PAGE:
Parents and caregivers of autistic children have been concerned for years and now the facts are in: children with autism, by and large, are eating poorly and perhaps dangerously so. That is the conclusion of the meta-study recently published by the Marcus Autism Center and the Department of Pediatrics at Emory University School of Medicine. After taking the research and results of every published study available on the subject and analyzing them together, they have concluded that children with autism are five times as likely as the general population to have feeding problems. After releasing these results in February 2013, researchers now hope to look more closely at what this means for individual autistic patients and their families.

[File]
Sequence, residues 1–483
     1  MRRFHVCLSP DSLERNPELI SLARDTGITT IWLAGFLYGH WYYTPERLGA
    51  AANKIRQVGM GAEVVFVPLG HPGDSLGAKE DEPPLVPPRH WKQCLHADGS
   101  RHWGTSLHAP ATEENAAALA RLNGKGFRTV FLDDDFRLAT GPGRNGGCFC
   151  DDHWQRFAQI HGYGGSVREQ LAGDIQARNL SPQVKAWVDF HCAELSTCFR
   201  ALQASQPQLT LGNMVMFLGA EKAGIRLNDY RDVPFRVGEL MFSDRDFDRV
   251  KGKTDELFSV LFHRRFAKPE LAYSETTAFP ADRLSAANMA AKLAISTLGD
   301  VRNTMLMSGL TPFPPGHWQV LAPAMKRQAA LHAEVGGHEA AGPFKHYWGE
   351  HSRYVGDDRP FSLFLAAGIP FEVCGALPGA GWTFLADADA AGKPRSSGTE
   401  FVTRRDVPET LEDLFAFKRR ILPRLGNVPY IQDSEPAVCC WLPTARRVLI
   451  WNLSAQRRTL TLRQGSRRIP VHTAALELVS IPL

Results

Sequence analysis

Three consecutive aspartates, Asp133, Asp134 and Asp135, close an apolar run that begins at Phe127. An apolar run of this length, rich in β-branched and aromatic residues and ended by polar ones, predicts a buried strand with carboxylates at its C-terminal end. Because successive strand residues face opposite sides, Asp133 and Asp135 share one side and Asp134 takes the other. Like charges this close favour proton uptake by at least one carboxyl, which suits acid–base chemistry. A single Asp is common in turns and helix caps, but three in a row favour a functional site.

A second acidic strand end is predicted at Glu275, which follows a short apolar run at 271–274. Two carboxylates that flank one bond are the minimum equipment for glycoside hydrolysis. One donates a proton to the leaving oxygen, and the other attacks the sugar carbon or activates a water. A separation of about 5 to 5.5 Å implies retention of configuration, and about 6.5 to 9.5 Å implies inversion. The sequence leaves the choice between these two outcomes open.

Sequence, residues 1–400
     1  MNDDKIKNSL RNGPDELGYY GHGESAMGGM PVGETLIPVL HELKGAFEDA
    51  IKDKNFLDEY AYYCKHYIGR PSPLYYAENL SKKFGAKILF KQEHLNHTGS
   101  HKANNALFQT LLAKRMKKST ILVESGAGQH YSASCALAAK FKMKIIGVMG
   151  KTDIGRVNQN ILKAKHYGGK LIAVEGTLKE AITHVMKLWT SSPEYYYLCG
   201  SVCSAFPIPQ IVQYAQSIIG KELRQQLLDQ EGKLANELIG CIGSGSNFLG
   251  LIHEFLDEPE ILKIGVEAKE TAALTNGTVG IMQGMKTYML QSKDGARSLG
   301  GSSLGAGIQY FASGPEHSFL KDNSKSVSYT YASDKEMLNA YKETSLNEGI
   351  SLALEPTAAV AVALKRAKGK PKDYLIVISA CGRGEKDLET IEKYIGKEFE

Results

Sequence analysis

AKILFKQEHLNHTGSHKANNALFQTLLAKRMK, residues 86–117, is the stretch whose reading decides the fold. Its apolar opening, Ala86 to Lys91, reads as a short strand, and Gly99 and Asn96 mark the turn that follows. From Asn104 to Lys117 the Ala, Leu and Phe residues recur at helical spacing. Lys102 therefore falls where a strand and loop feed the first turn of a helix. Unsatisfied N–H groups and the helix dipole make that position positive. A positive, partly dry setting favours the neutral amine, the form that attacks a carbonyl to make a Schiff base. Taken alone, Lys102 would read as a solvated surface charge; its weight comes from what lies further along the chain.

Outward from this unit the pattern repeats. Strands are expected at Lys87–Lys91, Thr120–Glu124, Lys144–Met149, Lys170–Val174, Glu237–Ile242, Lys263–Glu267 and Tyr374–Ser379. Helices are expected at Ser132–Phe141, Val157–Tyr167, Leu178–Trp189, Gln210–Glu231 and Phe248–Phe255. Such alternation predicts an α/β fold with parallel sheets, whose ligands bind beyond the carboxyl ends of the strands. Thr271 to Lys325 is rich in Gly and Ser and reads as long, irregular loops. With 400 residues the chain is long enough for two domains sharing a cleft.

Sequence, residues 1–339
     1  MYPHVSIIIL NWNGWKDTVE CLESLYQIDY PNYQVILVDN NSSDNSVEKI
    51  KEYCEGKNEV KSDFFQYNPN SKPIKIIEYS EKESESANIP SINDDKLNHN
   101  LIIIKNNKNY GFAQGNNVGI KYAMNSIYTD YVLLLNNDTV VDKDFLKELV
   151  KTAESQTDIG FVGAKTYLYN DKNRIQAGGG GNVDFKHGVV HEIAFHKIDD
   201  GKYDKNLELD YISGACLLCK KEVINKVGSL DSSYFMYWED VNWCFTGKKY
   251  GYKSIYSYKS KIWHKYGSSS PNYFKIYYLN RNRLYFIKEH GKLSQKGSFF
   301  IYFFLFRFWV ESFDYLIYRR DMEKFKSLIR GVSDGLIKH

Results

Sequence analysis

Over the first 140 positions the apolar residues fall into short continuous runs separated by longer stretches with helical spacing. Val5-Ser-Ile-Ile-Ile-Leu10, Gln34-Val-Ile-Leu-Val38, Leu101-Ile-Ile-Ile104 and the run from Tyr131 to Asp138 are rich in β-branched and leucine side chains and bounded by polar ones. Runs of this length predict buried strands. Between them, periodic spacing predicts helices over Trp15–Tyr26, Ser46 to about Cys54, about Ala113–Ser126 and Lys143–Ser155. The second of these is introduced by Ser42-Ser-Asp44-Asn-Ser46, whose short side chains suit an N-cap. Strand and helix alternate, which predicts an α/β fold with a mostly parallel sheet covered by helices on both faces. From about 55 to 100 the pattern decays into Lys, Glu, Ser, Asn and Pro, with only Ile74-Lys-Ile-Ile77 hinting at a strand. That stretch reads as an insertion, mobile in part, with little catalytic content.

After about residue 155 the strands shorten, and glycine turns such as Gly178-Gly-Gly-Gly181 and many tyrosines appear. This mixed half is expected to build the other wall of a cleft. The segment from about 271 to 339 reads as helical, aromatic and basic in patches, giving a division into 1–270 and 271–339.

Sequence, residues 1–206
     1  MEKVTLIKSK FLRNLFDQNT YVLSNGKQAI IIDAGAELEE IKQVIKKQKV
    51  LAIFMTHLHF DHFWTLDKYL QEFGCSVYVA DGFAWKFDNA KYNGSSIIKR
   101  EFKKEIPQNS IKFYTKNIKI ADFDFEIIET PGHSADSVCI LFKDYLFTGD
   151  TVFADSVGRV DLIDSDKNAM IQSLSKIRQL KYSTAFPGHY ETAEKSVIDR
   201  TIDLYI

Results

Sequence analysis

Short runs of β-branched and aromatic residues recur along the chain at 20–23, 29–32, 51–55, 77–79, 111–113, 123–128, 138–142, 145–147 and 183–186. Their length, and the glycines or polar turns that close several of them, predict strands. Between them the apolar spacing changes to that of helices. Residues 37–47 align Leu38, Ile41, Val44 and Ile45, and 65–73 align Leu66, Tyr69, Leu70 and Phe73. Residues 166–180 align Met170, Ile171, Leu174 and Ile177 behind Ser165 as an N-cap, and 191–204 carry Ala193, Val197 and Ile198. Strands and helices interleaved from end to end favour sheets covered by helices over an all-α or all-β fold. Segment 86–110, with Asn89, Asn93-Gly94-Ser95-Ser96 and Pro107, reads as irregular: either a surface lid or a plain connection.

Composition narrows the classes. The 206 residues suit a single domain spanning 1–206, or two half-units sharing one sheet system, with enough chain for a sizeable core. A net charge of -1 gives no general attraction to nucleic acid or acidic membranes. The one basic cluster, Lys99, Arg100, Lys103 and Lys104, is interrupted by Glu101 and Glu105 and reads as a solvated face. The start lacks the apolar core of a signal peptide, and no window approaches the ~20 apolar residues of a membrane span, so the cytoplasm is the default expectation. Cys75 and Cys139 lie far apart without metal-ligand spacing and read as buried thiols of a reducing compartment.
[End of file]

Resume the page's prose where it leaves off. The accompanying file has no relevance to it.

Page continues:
What the consequences of these findings will be are not yet known. The first health concern is, of course, proper nutrition. A strictly limited diet over a long period of time could result in nutritional pitfalls for a population who can ill afford it. The Tufts University School of Nutrition Science and Policy found that even mildly poor nutrition can effect cognitive development in children. Another concern is the social and societal implications of poor eating. A child who already has social deficits may have an even harder time if their eating habits are noticeably out of the ordinary. Overcoming eating problems early can be an important part of the treatments and therapies an autistic child requires, impacting both the child’s overall health as well as the child’s ability to function socially in the world.